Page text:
This is a follow up to Finding Picasso, Elvis’s dressing room and Monkeyshines in Tacoma.
At 6:30 am, I was drenched. My water-resistant jacket had given up. My shoes, my socks, my multiple layers of clothing all soaking wet. It was probably around 40 degrees. The cold and wet didn’t bother me. I had been awake all night, I wasn’t sleepy. My legs were becoming increasingly sore. But I was determined to find a glass Monkeyshine.
I was working my way down Ruston way. Checking between rocks, and in bushes, under picnic tables, public bathrooms. I would have felt a bit crazy if there weren’t hundreds of people out doing the same all over the city.
I, along with my Black Labrador, decided to head down to an emptier part of Ruston Way. My step-counter hit a remarkable 22 miles. I caught a bit of movement and I stopped to get a closer look. A small mouse was scrambling over some leaves attempting to flee from me, unaware my interest was in finding rats.
I glanced up and saw a lone bench overlooking Commencement Bay. I walked over to it and resting there was a glass medallion.
I had been scouring Tacoma for 6 and a half hours looking for one and I finally found it. I was elated. It caused me to smile for nearly the rest of the day.
A few minutes prior to my finding the medallion. A woman sitting in her car alone rolled down her window to tell me how my dog was amazingly well-behaved, and she asked what everyone was doing with flashlights? I explained to her how artists of different types hide art around the city on Chinese New Year featuring the Chinese Zodiac symbols.
“Oh, that’s interesting. Maybe, I’ll go look for one.”
Holding my treasure with a big smile, I looked back towards my car and she was still parked there sitting alone in her car. She needed a Monkeyshine. I don’t know her name or why she was parked there, but I felt she needed one. I kept looking for another while till I found a rock, carefully painted with the symbol of the rat in blue, white, and gold.
I gave the painted rock to her and she was absolutely giddy with excitement.
A few hours earlier, I was searching at Fireman’s Park. I saw a couple walking ahead of me. I yelled out, “Are you guys Shinors or Shinee’s.”
The man responded, “Shiner’s. No, Shinee’s. Wait which one is which?”
I responded, “I don’t know, you guys make the call.
They each responded differently. I knew they were rogues right away. Rogues hide their own works while searching for the treasured glass medallions or orbs.
I met so many different people. A guy leaving the bars who told me about how he often goes snowboarding and surfing on the same day in Washington. I met people who worked for the theaters. I met a hyper-intelligent young man and we shared tips on social media marketing.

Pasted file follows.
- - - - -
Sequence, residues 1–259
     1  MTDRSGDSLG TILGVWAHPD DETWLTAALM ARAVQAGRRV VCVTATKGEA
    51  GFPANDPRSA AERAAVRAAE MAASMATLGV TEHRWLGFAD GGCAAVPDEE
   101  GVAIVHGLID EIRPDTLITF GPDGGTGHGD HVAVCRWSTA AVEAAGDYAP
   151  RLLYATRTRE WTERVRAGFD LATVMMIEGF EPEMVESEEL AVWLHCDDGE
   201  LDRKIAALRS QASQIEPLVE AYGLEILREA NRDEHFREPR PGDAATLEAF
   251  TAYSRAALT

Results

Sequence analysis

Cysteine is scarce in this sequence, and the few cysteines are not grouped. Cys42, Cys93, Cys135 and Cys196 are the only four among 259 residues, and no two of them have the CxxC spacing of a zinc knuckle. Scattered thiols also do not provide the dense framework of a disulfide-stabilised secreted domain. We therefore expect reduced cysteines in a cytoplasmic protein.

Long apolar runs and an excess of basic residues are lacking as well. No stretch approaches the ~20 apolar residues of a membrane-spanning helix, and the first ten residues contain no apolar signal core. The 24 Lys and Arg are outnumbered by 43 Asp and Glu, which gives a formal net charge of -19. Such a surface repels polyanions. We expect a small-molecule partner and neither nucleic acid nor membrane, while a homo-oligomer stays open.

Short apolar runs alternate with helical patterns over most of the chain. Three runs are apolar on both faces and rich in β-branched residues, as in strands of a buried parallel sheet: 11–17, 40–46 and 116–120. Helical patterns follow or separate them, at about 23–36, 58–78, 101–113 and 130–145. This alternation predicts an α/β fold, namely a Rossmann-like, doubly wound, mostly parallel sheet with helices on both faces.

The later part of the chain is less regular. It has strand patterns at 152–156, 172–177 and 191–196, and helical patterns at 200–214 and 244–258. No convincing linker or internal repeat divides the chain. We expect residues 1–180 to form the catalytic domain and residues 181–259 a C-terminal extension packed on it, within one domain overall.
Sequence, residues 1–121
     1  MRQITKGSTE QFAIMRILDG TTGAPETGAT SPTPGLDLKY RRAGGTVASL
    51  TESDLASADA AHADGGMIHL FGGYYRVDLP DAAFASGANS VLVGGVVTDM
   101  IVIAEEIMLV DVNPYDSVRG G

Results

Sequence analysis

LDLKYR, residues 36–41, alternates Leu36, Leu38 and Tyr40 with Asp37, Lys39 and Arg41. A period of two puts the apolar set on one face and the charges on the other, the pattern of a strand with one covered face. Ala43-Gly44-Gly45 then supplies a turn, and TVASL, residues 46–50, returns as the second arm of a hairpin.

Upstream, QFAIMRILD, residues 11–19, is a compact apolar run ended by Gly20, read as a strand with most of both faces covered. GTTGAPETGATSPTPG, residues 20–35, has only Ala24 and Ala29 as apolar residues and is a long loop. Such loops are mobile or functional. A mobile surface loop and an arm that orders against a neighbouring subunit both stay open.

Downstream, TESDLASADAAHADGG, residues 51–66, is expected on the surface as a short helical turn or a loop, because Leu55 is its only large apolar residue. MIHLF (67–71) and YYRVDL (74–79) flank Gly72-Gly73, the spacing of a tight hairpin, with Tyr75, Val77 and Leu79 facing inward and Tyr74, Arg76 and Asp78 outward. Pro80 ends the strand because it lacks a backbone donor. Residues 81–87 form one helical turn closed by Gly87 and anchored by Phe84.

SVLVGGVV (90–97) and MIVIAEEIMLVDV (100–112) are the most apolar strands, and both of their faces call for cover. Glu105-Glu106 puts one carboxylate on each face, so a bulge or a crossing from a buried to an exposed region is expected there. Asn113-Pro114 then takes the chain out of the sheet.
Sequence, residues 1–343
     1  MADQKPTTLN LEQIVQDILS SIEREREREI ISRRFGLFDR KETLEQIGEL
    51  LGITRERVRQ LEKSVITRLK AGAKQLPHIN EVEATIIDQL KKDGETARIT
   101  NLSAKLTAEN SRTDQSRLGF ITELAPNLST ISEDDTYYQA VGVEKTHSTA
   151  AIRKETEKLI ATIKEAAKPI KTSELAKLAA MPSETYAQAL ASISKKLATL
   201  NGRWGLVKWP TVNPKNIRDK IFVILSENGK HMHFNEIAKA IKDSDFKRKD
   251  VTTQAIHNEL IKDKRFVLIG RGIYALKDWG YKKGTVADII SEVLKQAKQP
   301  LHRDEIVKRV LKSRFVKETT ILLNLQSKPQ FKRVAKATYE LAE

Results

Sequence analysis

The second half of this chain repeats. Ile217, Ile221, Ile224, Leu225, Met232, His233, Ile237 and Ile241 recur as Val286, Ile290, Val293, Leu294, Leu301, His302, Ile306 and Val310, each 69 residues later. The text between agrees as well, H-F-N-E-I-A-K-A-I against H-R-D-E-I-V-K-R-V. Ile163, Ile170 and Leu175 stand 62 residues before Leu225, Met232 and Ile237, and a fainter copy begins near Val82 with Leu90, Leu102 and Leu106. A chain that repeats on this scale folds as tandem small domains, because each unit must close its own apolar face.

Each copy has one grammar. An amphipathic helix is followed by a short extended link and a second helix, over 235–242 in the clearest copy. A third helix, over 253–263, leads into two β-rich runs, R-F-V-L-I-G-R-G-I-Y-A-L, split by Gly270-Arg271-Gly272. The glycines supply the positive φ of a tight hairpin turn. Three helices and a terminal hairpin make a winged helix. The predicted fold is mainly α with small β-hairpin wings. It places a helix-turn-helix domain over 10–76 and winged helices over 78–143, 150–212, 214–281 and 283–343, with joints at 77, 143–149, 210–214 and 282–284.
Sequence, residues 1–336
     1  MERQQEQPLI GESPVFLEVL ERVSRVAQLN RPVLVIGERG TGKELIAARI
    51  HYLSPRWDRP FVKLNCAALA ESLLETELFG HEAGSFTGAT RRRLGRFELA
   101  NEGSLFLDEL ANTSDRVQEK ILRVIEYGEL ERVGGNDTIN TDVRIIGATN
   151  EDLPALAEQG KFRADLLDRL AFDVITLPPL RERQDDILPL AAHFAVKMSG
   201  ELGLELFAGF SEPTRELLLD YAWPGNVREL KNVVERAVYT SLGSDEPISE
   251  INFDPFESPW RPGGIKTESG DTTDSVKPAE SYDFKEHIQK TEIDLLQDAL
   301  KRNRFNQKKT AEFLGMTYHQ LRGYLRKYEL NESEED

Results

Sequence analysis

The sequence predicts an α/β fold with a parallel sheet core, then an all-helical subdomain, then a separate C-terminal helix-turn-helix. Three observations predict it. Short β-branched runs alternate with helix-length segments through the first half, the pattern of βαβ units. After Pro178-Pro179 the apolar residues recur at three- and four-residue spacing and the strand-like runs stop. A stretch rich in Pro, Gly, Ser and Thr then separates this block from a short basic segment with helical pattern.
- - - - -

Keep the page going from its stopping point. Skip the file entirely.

Between 3 and 5 a.m., the city was asleep, while I was searching nooks and crannies within it. But also seeing Tacoma in a new light. A city where an anonymous Ms. And Mr. Monkey started a mischievous idea years ago, and years later it carries on drawing out thousands of people. Two days later, I took my daughter to Point Defiance to search and the park was crowded with people searching.
It was in those early hours though, when I really began to admire how Tacoma and its residents appreciate the city. Everyone, I’ve known loved the Old Elk’s temple back when it was a derelict building, and it’s become stunning as the restored Mcmenamin’s Elks Temple Hotel.
I noticed parking lots I’ve never noticed (Mostly where I now plan to park when going to the restaurants downtown). I paid attention to the art lining Tacoma’s streets for the first time in forever. Tacoma is a remarkable city filled with remarkable people like Ms. and Mr. Monkey.
Their Monkeyshines, an act of mischief, has turned into a significant act of leadership, of caring, of uniting people. A simple act of kindness that has convinced thousands of residents of Tacoma over the years to wake up in the early hours of the morning and in the dead of winter to scour the city through rain and snow, so they could find art, and share art. It’s probably one of the most beautifully inspiring events I’ve experienced. They deserve an anonymous statue commemorating their creation, but I’d recommend someone simply just erect one somewhere and let people figure it out over time.
Thank you, Ms. And Mr. Monkey.